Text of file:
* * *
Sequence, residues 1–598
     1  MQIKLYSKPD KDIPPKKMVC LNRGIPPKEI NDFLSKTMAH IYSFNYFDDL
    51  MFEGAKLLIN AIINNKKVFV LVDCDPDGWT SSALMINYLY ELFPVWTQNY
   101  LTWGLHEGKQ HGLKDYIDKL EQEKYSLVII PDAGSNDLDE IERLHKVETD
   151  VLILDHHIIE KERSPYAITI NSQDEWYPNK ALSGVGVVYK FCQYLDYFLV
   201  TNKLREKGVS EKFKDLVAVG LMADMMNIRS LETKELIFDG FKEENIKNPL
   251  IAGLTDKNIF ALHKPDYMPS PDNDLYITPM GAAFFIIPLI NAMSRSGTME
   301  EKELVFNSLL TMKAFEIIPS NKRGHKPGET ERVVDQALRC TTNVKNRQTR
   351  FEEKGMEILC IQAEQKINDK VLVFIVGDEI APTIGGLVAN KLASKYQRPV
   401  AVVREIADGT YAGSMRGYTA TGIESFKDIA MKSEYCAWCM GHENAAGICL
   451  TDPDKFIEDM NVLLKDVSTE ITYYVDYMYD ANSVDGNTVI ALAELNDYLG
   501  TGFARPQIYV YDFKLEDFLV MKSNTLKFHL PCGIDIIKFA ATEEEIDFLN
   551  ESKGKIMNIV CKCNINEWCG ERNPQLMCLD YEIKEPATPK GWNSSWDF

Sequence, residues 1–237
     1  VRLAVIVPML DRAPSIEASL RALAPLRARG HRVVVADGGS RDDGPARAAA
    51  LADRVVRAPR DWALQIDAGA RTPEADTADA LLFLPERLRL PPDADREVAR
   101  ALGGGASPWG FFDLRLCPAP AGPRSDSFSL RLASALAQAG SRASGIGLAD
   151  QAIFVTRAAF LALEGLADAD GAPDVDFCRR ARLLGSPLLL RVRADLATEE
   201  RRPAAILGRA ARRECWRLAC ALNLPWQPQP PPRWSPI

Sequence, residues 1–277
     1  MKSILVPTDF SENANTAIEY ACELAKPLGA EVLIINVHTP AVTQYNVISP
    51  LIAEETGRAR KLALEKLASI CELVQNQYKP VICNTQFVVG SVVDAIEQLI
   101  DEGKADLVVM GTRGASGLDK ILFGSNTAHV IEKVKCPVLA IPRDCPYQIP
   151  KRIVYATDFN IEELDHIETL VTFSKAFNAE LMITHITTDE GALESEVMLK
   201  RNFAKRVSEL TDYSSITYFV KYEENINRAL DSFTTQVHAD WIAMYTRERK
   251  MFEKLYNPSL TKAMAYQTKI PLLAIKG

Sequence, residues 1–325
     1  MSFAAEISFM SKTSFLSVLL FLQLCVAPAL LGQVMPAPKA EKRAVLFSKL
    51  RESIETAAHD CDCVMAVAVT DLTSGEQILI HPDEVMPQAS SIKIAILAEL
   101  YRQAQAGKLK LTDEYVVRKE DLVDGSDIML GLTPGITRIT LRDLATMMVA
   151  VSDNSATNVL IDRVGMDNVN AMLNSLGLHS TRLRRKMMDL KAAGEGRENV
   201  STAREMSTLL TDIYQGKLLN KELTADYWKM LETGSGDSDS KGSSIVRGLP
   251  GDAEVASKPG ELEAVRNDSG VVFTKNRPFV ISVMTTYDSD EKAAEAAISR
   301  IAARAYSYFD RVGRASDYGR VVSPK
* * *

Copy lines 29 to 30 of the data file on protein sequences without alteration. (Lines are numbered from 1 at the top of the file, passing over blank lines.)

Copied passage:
    51  RESIETAAHD CDCVMAVAVT DLTSGEQILI HPDEVMPQAS SIKIAILAEL
   101  YRQAQAGKLK LTDEYVVRKE DLVDGSDIML GLTPGITRIT LRDLATMMVA